The Geomechanics Lab at Khalifa University is a pivotal research hub that focuses on problems related to subsurface geological phenomena with applications in the energy, infrastructure and environmental sector.
It is one of a handful of labs in the world that are capable of performing controlled lab-scale hydraulic fracturing at reservoir conditions (up to a depth of 9 km) using a whole range of injection fluids from super-critical CO2 to glycerine using a custom built tri-axial testing device (AutoLab 3000; designed at Khalifa University and built by New England Research Inc.).
Experimental and simulation approach to optimize hydraulic fracturing design for unconventional reservoirs.
This ADNOC sponsored project focuses on replicating hydraulic fracturing under reservoir conditions at the lab scale and understanding the influence of different geological factors like the depth of the oil-bearing layer, the orientation of bedding planes, etc. to develop a state-of-the-art computational tool that can be used effectively and accurately in simulating hydraulic fracturing and to improve the process to maximize hydrocarbon production from unconventional reservoirs
This project focuses on enhancing the ability of digital rock physics to predict the mechanical properties and flow properties of carbonate rocks with the goal of creating rock images database at different resolutions from which we can extra all reservoir rock properties.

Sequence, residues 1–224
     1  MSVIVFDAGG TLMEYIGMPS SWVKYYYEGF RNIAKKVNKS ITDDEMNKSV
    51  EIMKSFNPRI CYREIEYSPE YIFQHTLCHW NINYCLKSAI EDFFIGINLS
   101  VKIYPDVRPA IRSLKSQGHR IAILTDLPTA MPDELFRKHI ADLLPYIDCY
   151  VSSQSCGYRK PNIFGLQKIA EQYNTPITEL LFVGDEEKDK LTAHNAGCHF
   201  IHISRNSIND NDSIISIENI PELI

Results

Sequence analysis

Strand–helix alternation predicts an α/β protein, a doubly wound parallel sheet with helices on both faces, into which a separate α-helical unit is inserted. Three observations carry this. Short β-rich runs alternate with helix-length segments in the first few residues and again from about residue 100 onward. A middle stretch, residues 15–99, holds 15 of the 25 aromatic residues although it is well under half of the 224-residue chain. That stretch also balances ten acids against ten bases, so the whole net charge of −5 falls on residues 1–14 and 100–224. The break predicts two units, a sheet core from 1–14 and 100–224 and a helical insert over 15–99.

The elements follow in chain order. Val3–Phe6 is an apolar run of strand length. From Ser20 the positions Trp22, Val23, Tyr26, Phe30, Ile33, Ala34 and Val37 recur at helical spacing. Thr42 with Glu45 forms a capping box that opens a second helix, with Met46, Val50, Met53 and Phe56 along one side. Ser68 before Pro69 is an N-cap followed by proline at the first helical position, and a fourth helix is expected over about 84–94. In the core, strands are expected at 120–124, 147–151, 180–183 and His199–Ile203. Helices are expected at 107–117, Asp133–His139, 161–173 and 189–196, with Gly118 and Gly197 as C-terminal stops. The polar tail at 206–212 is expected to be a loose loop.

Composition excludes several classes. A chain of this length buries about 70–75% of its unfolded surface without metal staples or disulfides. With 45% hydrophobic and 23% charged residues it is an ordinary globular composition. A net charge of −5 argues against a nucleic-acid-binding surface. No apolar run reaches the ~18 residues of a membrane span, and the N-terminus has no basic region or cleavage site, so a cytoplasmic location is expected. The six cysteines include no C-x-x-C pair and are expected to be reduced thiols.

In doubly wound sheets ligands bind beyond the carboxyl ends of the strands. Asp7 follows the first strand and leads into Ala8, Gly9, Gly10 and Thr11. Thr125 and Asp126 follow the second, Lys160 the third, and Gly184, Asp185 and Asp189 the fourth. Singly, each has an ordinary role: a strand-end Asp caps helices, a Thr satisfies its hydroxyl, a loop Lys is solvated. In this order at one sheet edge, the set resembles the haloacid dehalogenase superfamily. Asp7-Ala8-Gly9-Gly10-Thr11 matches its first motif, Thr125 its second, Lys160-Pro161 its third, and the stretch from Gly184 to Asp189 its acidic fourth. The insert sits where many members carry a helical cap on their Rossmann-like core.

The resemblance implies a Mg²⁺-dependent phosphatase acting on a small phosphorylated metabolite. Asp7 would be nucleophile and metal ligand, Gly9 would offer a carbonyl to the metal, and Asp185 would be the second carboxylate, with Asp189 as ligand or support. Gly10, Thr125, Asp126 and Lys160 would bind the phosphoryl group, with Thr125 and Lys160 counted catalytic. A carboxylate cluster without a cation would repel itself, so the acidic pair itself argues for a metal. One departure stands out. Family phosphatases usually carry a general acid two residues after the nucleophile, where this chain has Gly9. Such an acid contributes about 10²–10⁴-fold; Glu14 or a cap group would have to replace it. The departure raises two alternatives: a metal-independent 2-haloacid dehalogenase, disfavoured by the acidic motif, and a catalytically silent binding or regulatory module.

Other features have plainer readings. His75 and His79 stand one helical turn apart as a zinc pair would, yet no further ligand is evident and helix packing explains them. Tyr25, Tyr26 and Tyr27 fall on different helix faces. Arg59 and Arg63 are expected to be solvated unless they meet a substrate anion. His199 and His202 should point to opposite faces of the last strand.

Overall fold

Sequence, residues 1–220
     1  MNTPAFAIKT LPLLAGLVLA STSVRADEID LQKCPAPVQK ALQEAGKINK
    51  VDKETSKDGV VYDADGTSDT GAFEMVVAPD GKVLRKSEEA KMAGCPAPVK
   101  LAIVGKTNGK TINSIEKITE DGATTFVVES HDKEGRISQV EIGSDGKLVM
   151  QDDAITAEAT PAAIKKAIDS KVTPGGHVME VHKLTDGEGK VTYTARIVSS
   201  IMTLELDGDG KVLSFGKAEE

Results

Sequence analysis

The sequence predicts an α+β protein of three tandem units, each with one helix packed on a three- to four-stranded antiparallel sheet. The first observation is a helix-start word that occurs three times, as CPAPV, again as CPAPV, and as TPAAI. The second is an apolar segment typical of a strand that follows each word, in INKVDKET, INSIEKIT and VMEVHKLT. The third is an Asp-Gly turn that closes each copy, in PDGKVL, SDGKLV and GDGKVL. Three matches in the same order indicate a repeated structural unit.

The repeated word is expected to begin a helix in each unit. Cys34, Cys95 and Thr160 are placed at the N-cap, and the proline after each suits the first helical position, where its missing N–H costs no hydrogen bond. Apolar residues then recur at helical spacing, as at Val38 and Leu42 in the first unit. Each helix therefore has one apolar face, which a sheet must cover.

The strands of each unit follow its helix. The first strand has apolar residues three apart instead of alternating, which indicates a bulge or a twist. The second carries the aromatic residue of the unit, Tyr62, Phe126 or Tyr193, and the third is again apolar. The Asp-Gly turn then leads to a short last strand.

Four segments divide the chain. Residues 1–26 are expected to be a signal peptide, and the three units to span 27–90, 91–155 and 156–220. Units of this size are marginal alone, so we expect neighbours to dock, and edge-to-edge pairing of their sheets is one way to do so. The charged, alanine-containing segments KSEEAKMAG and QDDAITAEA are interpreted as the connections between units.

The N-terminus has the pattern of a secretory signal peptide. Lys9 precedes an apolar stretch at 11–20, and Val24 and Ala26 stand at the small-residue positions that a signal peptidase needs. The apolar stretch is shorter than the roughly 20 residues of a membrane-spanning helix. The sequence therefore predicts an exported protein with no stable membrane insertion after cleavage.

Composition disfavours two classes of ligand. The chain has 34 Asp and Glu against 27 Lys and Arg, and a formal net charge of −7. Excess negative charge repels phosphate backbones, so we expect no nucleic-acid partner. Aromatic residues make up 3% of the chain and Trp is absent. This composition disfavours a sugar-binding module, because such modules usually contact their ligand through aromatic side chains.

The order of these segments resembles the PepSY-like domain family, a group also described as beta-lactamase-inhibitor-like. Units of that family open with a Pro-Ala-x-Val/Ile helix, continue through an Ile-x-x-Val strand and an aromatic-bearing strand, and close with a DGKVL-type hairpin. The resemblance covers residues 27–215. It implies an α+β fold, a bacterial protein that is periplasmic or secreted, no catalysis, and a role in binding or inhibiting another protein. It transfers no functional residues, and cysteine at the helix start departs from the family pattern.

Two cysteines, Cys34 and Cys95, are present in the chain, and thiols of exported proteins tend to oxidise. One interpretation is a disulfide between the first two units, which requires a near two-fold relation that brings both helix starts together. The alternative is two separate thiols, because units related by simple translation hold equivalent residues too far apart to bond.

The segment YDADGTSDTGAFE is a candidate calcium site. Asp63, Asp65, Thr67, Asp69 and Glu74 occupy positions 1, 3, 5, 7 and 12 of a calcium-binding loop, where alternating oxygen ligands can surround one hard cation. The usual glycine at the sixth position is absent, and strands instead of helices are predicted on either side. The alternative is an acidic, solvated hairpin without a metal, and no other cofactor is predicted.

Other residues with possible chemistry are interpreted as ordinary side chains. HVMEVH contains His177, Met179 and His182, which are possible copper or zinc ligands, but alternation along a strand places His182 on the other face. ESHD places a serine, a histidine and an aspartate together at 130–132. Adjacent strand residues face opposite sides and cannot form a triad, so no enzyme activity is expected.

Images of the 3D solid matrix and pore network structures are taken using micro X-ray tomography (micro-XCT) and nano scale (using FIB/SEM microscopes) and these images are then used to compute
mechanical and flow properties of carbonate rocks. Experimental analysis at different scales are also conducted using Nanoindenters and the AutoLab 1000 rock testing device in the Geomechanics Lab to validate the computational predictions.
FIB–SEM reconstructed volume used for permeability prediction
Studying and testing soil and soft rock samples have a lot of applications in the Middle East where cave-ins and wellbore collapses are major issues affecting the energy, construction and urban planning sector.
A significant portion of the cave-ins have been found to occur due to the gradual dissolution of subsurface gypsum layers. The GDSVIS traixial vessel situated at the Geomechanics Lab is used to study the effect of slow dissolution of gypsum samples in real world conditions thus providing valuable data to model cave-ins.
The experimental methodology developed and data generated using this device also contributed to a project that utilized multivariate Gaussian probability distributions to generate probabilistic 3D geologic models, using borehole data model and computer algorithms through Matlab and applied to the case of the Masdar City Subsurface in Abu Dhabi, UAE.